More than 310,000 babies and toddlers under age three call New Jersey home. They can’t personally tell you what life’s like, but a brand-new report shows they’re a diverse bunch, many beset by poverty. Advocates for Children of New Jersey released the first-ever study called “Babies Count.” It’s mission?
“To provide a clear picture based on objective data of how babies are doing in New Jersey, what we are doing well to support their growth and development and what still needs to be improved,” said Cecilia Zalkind, president and CEO of Advocates for Children of New Jersey.
The report says needy families can thrive with proper help. Visiting nurse Christina Ramos taught a 45-year-old mom how to interact with her child.
“Teach her things that the kids don’t know. Play music. Run around with her,” said mom Monique Jackson.
“Being able to teach them how to play with their baby and how it helps the child’s development is really big,” said Ramos.
Some quick facts about these kids: 57 percent are children of color, and 41 percent of births are to foreign-born mothers. Thirty-five percent of them are low-income, where a family of four earns less than $49,000 a year. Almost 70 percent have moms who work outside the home, and many are struggling, experts say, especially with childcare.
“That busy mom — who has a limited time with that child, or is so stressed or depressed — needs to know she’s dropping that child off at a place where that professional understands that they can be a buffer to all the stresses that are surrounding that child in their life,” said Dr. Arturo Brito, a pediatrician and executive director of the Nicholson Foundation.
Child care is expensive, and it costs more for the littlest kids. The report says 44 percent of New Jersey’s child care centers are licensed to care for infants and toddlers. Even when parents qualify for state subsidies, only 12 percent of child care centers will accept $167 a week as payment in full for infants. And only 19 percent will accept the $165 a week subsidy as full payment for toddlers. But what about families who can’t afford it?
“We talked about people going to underground centers, or mom and dad. They go to a family member, or someone down the street they know who’s watching children, right?” said Alana Vega, Kids Count coordinator. “Or mother chooses not to work and then that family as a result loses that income from the mom and falls below the poverty level.”
The darker side of these statistics show that 26 percent of kids in New Jersey’s out-of-home foster care system are the littlest ones. Ten out of 17 child deaths due to abuse were kids under three. Tragically, these young children experience deep trauma at a crucial moment in their development.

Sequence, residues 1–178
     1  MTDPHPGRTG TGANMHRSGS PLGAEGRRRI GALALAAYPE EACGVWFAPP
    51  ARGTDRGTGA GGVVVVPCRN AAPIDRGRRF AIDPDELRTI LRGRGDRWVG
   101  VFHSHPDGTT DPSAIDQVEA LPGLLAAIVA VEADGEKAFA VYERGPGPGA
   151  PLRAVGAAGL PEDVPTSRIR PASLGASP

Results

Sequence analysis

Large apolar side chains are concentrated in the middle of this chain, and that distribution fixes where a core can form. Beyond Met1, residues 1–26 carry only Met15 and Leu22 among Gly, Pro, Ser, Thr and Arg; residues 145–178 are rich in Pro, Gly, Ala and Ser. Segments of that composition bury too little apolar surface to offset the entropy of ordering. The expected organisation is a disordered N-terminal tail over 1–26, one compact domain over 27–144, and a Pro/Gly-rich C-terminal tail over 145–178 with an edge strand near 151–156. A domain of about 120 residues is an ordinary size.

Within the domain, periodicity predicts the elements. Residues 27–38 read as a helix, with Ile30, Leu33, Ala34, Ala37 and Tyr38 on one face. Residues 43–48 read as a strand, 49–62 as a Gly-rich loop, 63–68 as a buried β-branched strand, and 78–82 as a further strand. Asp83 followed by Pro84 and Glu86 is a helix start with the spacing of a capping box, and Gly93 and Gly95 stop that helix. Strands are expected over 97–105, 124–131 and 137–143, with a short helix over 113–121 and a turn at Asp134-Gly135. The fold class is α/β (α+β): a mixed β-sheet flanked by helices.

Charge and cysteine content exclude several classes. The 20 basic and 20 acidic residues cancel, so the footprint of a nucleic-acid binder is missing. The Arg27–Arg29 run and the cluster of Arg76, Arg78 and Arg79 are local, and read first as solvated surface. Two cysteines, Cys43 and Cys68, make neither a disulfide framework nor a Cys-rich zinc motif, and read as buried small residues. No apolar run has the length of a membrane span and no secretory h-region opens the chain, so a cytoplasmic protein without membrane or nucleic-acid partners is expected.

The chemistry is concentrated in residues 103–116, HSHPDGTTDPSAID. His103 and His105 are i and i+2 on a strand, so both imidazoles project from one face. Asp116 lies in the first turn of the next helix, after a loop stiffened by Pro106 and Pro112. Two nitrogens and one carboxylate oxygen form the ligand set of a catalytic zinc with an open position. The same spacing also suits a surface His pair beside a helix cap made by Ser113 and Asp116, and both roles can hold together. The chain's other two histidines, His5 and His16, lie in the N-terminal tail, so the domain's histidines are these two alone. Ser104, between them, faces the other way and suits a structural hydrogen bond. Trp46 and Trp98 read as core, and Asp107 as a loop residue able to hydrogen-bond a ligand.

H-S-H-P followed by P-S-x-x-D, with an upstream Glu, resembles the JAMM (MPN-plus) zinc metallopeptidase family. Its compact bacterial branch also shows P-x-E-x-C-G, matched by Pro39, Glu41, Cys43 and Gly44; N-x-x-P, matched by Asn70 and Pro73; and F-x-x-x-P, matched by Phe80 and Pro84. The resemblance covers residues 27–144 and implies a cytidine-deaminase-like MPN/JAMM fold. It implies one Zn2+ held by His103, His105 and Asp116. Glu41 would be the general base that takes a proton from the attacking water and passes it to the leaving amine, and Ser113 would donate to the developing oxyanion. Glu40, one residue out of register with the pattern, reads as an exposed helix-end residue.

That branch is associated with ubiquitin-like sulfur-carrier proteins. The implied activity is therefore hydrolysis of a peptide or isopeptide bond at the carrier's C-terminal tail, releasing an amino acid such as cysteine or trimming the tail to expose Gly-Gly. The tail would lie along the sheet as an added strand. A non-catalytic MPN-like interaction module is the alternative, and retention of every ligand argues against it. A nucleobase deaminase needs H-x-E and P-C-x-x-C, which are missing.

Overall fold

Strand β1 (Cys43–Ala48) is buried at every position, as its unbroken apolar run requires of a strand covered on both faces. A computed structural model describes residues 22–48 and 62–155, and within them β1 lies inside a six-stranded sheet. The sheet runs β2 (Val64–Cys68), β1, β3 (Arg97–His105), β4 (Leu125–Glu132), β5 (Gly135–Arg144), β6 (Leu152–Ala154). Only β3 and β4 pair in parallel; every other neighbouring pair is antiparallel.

“It is the best opportunity we have to impact lifelong health of that child, the community, our state, and for that matter, our country. This is why we need to do more in those first few years,” said Brito.
The study discussed infant mortality. The United States recorded 5.9 deaths per 1,000 live births in 2015, but Jersey logged a lower rate at 4.8. The disparity between white and black is stark: the mortality rate for white newborns in New Jersey was 3.0 per 1,000, compared to 9.7 for black babies. And the higher rate holds for black newborns despite their mother’s education level, with 7.3 deaths for babies born to college grads versus 10.8 for high school grads.
The Murphy administration just awarded $4.3 million in grants to help address this issue. Cecilia Lopez with VNA Healthy Families explained pregnant moms can face unexpected hurdles, like language barriers.
“All the time, we’re looking for a staff who speaks the same language that the person needs. Because we need to be clear, especially when baby is coming,” Lopez said.
Here’s some good news. In births to teen moms, the U.S. counted 8.8 for every 1,000 girls age 15 to 17; New Jersey’s rate was half that at 4.4. And only 3 percent of all 310,000 kids had no health insurance and almost all got follow-up postnatal care.
But a dental expert told the story of a two-year-old boy who needed 18 teeth extracted.
“I believe that putting the dollars in prevention programs, education and not at the tail end when we have this huge problem,” said Dr. Nicole McGrath, president and CEO of KinderSmile Foundation.
Improving the lives of these smallest New Jersey residents will take time, money and determination, but now there’s a benchmark to measure progress.
Chasing the Dream: Poverty and Opportunity in America is a multiplatform public media initiative that provides a deeper understanding of the impact of poverty on American society. Major funding for this initiative is provided by the JPB Foundation. Additional funding is provided by Ford Foundation.